August 24, 2018

In Bots we Trust

BY :     August 24, 2018

We know we can’t trust bots.

What can we do to trust them?

Can other bots help us what that?


Continued from Part 2 – How Bots Learn, Unlearn, and Relearn


Test Driven Development

TDD (Test Driven Development) is a development method that moves the developers focus from the code to the design of the solution. 

TDD requires the developer to first write a test case as unit test, then write the code to pass the test case. Then another test, then another piece of code, then another test, etc. The test case can be analyzed without reading any code and therefore the developer can validate and improve the design of the solution, without thinking about the complex code. 

Whenever a test case is changed, the code will have to be changed, for the test case to pass. Therefore, it is “Test Driven” development.

Develop and govern bots with TDD

TDD is perfect for bot’s based on reinforcement learning. The developer will still create the required unit tests as KPI on the QA-layer, and the bot will configure itself, without the developer have to change any code. The developer will only have to add another sensor (input) or motor (output) and some KPI’s.

Darwin vs. Newton

Using TDD on bots would be a Darwinian approach to software development. TDD will improve the bots from version to version, by guiding the bots evolution with KPI’s.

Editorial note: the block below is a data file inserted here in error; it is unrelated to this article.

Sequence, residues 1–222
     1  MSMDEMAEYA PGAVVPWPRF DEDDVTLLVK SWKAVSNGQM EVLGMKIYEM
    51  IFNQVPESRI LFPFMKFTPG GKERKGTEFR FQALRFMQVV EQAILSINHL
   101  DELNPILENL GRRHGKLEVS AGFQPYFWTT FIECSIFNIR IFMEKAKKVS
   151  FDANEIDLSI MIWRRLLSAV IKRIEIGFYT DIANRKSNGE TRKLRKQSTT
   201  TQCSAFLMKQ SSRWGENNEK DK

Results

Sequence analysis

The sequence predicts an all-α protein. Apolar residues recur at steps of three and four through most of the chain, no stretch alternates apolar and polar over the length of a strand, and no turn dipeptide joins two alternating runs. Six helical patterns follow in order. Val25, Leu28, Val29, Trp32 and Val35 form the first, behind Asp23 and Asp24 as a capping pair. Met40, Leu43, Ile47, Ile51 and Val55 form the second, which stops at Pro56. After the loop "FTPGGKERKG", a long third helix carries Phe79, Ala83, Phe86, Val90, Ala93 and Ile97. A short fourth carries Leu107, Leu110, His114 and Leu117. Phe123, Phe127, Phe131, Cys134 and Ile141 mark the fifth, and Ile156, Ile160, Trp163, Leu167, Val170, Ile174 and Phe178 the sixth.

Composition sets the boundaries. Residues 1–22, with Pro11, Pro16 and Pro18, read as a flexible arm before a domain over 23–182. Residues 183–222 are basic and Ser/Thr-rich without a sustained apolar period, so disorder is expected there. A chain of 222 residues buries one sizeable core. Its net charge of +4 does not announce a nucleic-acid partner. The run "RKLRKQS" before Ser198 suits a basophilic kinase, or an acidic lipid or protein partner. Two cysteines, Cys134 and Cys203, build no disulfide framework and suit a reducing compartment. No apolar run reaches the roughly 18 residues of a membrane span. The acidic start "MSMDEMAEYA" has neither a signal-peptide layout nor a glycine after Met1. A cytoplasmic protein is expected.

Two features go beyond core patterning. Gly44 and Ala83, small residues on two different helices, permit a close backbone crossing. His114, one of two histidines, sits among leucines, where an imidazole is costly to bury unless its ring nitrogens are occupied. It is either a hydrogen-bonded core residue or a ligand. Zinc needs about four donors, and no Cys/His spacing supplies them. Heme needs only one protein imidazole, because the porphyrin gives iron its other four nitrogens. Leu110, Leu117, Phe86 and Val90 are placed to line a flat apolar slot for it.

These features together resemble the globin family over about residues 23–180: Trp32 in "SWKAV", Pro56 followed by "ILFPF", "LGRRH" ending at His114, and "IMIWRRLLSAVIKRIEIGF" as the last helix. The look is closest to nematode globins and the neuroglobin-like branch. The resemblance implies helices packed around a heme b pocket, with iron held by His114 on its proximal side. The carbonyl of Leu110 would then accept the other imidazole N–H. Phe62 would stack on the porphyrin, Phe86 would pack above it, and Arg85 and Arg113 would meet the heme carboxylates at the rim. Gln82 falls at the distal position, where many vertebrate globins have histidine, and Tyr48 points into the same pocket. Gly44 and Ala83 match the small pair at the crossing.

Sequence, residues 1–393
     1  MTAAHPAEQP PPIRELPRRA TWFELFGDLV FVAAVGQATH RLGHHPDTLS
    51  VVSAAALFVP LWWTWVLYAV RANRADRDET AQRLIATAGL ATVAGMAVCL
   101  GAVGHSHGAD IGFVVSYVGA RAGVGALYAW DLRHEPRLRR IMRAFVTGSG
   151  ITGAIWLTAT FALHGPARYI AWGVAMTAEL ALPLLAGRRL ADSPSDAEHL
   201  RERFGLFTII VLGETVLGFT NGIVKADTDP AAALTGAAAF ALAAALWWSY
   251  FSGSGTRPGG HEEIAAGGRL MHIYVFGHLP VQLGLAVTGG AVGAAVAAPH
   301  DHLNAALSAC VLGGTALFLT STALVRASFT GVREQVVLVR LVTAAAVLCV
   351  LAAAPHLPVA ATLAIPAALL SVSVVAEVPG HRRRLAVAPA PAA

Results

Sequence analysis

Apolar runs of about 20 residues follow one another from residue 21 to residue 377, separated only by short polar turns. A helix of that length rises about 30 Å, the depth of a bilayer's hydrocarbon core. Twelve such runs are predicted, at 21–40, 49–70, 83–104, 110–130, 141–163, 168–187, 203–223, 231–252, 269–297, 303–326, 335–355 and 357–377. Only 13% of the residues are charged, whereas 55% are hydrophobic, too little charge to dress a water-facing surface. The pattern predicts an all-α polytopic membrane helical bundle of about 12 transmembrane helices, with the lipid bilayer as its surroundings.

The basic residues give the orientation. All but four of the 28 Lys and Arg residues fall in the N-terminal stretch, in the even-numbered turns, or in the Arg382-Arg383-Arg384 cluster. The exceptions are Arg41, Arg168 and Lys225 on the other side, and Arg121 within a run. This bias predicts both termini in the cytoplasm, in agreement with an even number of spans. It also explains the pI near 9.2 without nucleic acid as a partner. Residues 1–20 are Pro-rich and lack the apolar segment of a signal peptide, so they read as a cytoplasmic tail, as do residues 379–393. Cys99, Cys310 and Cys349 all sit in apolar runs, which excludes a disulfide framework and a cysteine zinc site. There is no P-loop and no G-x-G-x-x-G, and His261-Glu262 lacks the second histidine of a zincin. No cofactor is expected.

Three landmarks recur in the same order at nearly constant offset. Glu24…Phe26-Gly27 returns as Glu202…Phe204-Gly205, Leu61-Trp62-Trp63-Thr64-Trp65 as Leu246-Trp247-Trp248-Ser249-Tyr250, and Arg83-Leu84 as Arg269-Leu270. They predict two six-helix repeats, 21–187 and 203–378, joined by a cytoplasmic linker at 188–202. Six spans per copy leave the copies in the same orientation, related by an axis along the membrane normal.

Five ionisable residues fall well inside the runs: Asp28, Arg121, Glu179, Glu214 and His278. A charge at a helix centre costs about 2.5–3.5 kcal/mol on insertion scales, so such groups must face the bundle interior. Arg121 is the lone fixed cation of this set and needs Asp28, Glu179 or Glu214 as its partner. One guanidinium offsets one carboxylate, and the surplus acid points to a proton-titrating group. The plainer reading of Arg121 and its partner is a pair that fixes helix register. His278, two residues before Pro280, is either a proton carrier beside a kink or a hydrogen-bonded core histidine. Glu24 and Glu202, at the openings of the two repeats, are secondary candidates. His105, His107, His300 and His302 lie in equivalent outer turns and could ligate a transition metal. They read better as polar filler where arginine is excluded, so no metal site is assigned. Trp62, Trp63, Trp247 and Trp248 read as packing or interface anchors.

This contrasts with the traditional Newtonian development method (the waterfall method), where the universe is perceived as a mechanical clock: “if you know enough details, then you will be able to predict anything”. The Newtonian approach gives the ability to understand “how” things happen, while the Darwinian only give the ability to understand “if” things happen.

Let me give an example:

A ticket selling application, sometimes makes an error and sells tickets with a negative price value.

  • If this application was developed with the Newtonian approach, then the source code can be debugged to find out “how” the ticket price became negative. This error can then be fixed.
  • If this application was developed with a complex bot, then nobody would be able to understand and therefore debug the source code. A KPI could have been set to measure “if” the price would become negative, so it can correct the bot to not do that again. Nobody would understand “how” the negative price became negative, only “if” it became negative and “if” it has been handled.

The Newtonian method seems superior in the example above, but that is only for simple problems. Bug fixing in very complex IT-systems can become a nightmare. Solving a bug, might re-introduce an old one or create a new one.  Combining the Newtonian approach with TDD is defined as TDRL (Test Driven Reinforcement Learning). This won’t solve all problems, since a bot might do something unexpected, but a KPI can be placed, in order to prevent this from happening again. For example: If TDRL bot is used to find cancer in lungs from images, then a KPI could be set for the bot to delearn and relearn from the new data set. If the bot is not able to map the input and the outputs, then it could sound an alarm, that it requires more sensors (inputs) or human input to solve the problem. In a larger scale, the bot could request help from court or the government to solve problems in a democratic way. It would also create precedent for future problems.